Learning to feel like a lawyer: law teachers, sessional teaching and emotional labour in legal education

This week, a new publication from members of the Smart Casual team has been published in the Griffith Law Review.  A limited number of free downloads of the paper are available here. 

Capture GLR

Contemporary higher education, including legal education, incorporates complexities that were not identified even a decade ago. Law programs first moved from traditional content-focussed programs toward incorporating critique and legal skills. Many are now working toward recognising inclusion and student wellbeing as integral to law graduates’ professional identities and skillsets. Yet the professional dispositions law teachers require to teach in these environments are ostensibly at odds with traditional lawyering identities founded upon an ideal of rationality that actively disengaged from affect.

This article draws on our teaching experience and data drawn from the Smart Casual project, which designed self-directed professional development modules for sessional law teachers, to identify the limits of a traditional teaching skillset in the contemporary Australian tertiary law teaching context. We argue that contemporary legal education demands considerable emotional labour and we present sample contexts which highlight the challenges law teachers face in doing what is expected of them. The article makes explicit the emotional labour that has often been implicit or unrecognised in the role of legal academics in general, and in particular, in the role of sessional legal academics.

 

 

Steel on Adjunct Law Profs Training

Alex Steel (from the Smart Casual team) on the New Legal Realism blog.

New Legal Realism Conversations

Legal education is a topic of much concern for NLR scholars, as can be seen in the first book of the recent NLR volume set published by Cambridge University Press.  During the academic year 2017-2018, we plan to feature blog posts on legal education research.  We begin with a guest blog from Professor Alex Steel, who educates those of us outside of Australia on the cutting-edge efforts there, based in part on survey research.  As he points out, Australia has been a leader in legal educational reform based on empirical efforts — and as such has much to teach those of us engaged in the legal academy in the U.S. as well as other parts of the world.  We hope in the months ahead to share research on legal education from many disciplinary and global perspectives, following the NLR tradition.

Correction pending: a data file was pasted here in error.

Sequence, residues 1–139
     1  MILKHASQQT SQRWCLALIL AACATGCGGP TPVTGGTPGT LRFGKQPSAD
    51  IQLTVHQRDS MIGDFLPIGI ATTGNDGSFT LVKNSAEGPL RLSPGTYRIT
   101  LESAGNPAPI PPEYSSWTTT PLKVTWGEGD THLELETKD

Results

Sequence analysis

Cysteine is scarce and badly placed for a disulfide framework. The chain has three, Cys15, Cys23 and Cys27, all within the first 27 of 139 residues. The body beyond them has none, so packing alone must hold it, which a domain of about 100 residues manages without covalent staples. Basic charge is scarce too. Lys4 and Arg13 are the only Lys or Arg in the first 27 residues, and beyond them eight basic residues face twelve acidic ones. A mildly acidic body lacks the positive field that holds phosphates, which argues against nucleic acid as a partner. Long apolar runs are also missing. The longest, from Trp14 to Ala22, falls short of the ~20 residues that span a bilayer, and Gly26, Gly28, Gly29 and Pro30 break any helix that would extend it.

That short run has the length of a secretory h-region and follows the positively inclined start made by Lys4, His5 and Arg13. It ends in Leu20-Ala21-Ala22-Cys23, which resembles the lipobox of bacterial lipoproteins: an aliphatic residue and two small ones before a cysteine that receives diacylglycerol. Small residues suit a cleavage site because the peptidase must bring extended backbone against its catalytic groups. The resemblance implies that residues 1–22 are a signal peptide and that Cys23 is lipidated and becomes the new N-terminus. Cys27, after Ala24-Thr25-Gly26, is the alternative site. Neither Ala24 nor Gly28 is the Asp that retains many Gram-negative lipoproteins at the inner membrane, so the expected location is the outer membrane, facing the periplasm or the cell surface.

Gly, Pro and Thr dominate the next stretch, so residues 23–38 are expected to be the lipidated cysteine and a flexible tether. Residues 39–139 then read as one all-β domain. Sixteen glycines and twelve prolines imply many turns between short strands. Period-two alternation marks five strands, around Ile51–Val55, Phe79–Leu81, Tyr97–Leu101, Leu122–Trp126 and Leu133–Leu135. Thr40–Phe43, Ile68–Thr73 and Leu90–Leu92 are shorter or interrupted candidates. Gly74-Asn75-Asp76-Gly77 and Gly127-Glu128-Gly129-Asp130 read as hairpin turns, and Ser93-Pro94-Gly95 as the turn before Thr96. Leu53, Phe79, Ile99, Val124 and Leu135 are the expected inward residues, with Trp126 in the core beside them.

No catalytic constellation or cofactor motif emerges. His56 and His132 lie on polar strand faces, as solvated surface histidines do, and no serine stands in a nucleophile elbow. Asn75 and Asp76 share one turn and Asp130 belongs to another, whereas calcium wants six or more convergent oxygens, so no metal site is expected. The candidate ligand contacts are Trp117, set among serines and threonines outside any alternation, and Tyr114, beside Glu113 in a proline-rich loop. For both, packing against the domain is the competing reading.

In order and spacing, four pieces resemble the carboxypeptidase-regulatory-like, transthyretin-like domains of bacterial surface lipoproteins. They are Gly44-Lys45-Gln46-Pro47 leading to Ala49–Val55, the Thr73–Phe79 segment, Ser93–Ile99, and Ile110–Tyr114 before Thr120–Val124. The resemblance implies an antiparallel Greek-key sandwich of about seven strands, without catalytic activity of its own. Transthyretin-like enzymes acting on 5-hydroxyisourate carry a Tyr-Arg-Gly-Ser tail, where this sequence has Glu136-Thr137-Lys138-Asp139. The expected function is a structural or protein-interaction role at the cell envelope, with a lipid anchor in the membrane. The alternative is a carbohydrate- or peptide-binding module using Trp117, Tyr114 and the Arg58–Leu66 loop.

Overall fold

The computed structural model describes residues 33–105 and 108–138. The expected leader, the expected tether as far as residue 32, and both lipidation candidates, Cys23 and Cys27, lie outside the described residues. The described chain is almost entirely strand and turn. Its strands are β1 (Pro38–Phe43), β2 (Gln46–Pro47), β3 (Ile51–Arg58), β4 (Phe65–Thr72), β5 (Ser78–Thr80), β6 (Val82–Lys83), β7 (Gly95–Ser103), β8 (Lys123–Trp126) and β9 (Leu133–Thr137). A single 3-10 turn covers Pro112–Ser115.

Smart Casual: online professional development for adjunct colleagues

In…

View original post 2,436 more words

Smart Casual shortlisted for the 2017 Legal Innovation Index

We are delighted to announce that Smart Casual has been listed among the finalists for the 2017 Legal Innovation Index.  17AUCRS34 2017 Legal Innovation Index Badge

LexisNexis announces finalists of the 2017 Legal Innovation Index

Innovative legal professionals recognised in fifth year of Index

Sydney, 10 August 2017: The finalists of the 2017 Legal Innovation Index have been announced today by LexisNexis® Pacific and Janders Dean.

The Index seeks to recognise the most innovative firms and legal professionals in Australia and New Zealand that have delivered unique solutions and added value for their clients, setting their organisation apart from the competition.

“The Legal Innovation Index provides a gauge from which we can encourage legal professionals to differentiate themselves within the industry and strive to improve established ways of working to shape the future of the legal sector,” said Simon Wilkins, General Manager for LexisNexis Australia.

“Since its inaugural year in 2013, the awards have celebrated some outstanding innovations across Australia and New Zealand which have provided legal practitioners with new avenues through which to improve the service and value that they deliver to their clients,” said Mr Wilkins.

The individual category finalists come from diverse areas of the law, including education, family law, community legal centres, and automation. They include: Andrea Perry-Petersen, LawRight; Graeme Grovum, Corrs Chambers Westgarth; Clarissa Rayward, Happy Lawyer Happy Life; Claudia King, Automio; Matthew Robinson, FCB Group; and a joint entry from University Academics, Smart Casual.